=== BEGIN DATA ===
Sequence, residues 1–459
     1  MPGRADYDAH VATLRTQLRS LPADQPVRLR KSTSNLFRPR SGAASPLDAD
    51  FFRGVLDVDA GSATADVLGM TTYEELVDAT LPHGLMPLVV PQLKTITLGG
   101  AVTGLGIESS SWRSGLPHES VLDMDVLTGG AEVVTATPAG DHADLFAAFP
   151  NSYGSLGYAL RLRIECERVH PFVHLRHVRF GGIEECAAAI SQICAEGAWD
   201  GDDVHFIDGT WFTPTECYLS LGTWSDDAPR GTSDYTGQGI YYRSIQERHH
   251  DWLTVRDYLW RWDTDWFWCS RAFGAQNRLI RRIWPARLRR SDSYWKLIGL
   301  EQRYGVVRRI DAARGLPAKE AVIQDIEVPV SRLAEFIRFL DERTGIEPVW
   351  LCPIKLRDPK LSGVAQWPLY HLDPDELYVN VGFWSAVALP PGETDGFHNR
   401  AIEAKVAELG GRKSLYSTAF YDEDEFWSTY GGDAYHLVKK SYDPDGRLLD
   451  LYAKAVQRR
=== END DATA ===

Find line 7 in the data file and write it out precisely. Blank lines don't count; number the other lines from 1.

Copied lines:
   251  DWLTVRDYLW RWDTDWFWCS RAFGAQNRLI RRIWPARLRR SDSYWKLIGL